17 Injuries of the Thigh, Knee, and Ankle 327 Table 2 Mechanisms of Ankle-Joint Injuries in the Victims of Traffic Accidents Injury Mechanism Avulsion Phase Compression Phase Supination Horizontal fracture of lateral Vertical fracture of medial malleolus (inversion) malleolus at or below the level of articular space or rupture of lateral malleolus ligaments Pronation Horizontal fracture of medial Oblique fracture of lateral malleolus (eversion) malleolus or rupture of deltoid just above the level of ankle joint, ligament often with displacement of a triangular fragment from the lateral surface of fibula Dorsal flexion Tearing off of the posterior joint Fracture of the anterior tibial edge capsule Plantar flexion Tearing off of the anterior joint Fracture of the posterior tibial edge capsule Fig. 21. The mechanism of bone-bruise onset in the great trochanter and central fracture (dislocation) of the hip joint (X, impact direction). the axis of the femoral diaphysis (dashboard injuries), as well as during high-energy trauma while the thighs are in substantial adduction (e.g. when the passenger s legs are crossed) or abduction (e.g., when the passenger s thighs are kept apart). Under such circumstances, the femoral head may move outside the acetabulum (Fig. 22) (3) Mechanisms of Ankle and Knee Joint Injuries in Traffic Accidents Car-to-Pedestrian Accidents For many years, the efforts of researchers and car companies have been focused on reducing the degree of trauma in traffic-accident victims (11,29). Changes in bumper
18 328 Teresiński Fig. 22. The pattern of hip dislocation in a frontal collision depends on the initial sitting position of vehicle occupants. See Color Plate III, following page 240.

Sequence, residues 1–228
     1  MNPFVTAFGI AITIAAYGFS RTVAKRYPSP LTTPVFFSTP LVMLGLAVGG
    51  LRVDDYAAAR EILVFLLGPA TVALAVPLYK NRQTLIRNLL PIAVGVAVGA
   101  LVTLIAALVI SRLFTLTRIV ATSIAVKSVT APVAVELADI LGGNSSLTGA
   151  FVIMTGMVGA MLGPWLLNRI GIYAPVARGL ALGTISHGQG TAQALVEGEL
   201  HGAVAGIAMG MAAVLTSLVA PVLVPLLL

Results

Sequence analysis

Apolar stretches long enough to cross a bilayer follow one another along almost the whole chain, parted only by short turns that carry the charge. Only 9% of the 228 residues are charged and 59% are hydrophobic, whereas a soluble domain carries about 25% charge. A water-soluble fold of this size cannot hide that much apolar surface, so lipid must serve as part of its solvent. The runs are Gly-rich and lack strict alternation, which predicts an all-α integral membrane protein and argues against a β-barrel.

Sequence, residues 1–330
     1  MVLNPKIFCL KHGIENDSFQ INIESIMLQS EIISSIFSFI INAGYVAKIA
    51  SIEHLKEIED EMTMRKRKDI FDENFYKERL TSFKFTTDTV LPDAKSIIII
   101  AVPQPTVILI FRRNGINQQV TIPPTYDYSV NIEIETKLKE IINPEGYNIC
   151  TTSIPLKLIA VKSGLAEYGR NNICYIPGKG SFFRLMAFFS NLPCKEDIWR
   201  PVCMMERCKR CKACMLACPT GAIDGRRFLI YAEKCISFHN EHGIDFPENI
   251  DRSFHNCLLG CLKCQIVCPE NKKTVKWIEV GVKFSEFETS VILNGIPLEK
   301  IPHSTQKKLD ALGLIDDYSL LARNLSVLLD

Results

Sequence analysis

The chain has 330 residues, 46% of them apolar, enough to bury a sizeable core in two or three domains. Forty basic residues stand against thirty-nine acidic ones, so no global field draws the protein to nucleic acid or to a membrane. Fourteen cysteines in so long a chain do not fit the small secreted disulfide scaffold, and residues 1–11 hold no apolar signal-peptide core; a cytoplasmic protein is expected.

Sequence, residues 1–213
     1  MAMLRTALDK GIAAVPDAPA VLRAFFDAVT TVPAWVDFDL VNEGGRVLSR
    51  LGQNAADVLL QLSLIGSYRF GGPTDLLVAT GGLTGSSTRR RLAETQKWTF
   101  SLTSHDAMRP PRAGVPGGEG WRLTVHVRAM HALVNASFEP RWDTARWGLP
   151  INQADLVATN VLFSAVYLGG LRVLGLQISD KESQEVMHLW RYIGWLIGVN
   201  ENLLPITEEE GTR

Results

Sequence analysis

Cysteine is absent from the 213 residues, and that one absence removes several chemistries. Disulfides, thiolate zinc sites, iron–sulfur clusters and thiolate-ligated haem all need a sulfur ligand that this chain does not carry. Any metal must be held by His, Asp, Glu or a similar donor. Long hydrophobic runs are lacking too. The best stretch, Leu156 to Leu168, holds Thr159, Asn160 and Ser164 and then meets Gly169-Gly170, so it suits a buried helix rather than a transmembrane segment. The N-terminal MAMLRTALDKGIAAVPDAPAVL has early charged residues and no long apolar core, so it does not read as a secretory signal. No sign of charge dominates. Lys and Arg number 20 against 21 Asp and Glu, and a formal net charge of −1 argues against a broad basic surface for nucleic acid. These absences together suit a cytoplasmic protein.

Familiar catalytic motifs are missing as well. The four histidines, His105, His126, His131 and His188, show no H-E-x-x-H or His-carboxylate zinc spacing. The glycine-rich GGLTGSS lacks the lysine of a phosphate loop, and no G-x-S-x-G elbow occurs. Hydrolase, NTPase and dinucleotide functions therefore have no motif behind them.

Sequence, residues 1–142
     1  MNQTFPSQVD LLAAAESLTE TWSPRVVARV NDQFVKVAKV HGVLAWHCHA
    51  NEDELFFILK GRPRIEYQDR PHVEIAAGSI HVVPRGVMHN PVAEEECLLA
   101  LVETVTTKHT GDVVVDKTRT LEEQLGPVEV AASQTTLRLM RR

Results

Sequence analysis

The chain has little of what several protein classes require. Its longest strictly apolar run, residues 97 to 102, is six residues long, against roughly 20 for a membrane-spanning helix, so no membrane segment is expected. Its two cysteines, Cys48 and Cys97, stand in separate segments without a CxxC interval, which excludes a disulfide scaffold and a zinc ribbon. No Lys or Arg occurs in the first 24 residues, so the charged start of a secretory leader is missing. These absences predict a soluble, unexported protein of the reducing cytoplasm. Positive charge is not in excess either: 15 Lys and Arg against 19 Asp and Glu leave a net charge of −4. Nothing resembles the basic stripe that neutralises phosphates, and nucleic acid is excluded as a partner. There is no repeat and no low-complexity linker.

19 Injuries of the Thigh, Knee, and Ankle 329 construction and the distribution of energy on impact over a larger surface have decreased the number of lower-extremity fractures in pedestrians hit by cars. Unfortunately, the redistribution of impact energy paradoxically has increased the risk of injury to joint structures, and ligament injuries have resulted in disability more often than even multisite diaphyseal fractures. By contrast, the low, protruding, and inflexible bumpers in older vehicles frequently caused fractures in the shins; this prevented the knee joint from absorbing the impact energy and, thus, protected it from the effects of trauma. In terms of forensics, however, the changes made in modern vehicles have increased the ability of investigators to reconstruct the accident based on the mechanism of trauma (7,24). The presence of ankle- or knee-joint injuries indicates that the pedestrian was hit while in an erect position, (27) as such injuries especially those caused by the compression mechanism and resulting in bone bruises in the central parts of tibial and femoral condyles occur only when the limb is loaded by body mass. When the victim is run over while in the recumbent position, the injuries are noncharacteristic and usually occur only when the wheel rolls directly over the ankle or knee. Running over of the pedestrian may cause external dislocations of the femoral head outside the acetabulum; such hip-related injuries are not normally observed in victims who were standing erect when hit (7). When a standing pedestrian is hit by a passenger car, protruding elements of the car hit much lower than the victim s center of gravity, causing the victim s upper body to rotate in the direction opposite that of the speed vector of the car. One or both ankles (depending on whether the victim was standing still or walking when hit) may twist along the rotation axis, causing the body to spread over the hood, in which case the thigh and hip regions are hit first, followed by the trunk and head (4). In this hits caused by small- or medium-sized passenger cars of a trapezoidal or pontoon body, the site of primary impact is usually located in the middle or proximal part of the shins (mediumheight victims). Large passenger cars and delivery vans hit at the level of the knee, and trucks with a high bumper may hit the proximal thigh or hip girdle (such a high impact is likely to knock the pedestrian down, which increases the risk of a secondary runover). During the first phase of the accident, the victim s body adjusts to the shape of the front of the vehicle, and the place of force application determines the type of pathological dislocation that will occur in the joint structures and consequently the mechanism of ankle and knee-joint injuries. On the other hand, injuries to proximal femoral epiphyses (the greater trochanter area) are good markers of an ipsilateral hit while the victim was in the erect position, no matter what the shape of body of the car (7,26). In contrast to passenger cars, trucks with a high bumper location often cause a reversed complex of injuries in both the knee and ankle joints (the lever principle; compare Fig. 23 and Table 3). Delivery vans, light trucks, sport utility vehicles, pickups, and large passenger cars usually cause a reversed complex of injuries in ankle joints only. Very low hits at the level of distal shin parts resulting in reversed injury complexes in the knee are rare (e.g., they are seen in tall victims and with intensive braking of the vehicles before the accident; particularly those vehicles with low floor and a wedge-shaped body). In short victims, the passenger-car hits resemble the delivery-van hits whereas in children they resemble the truck hits (7,24,26,27). Therefore, the mechanism of knee-joint injuries should always be considered within the context of every circumstance of the accident and the shape of car body.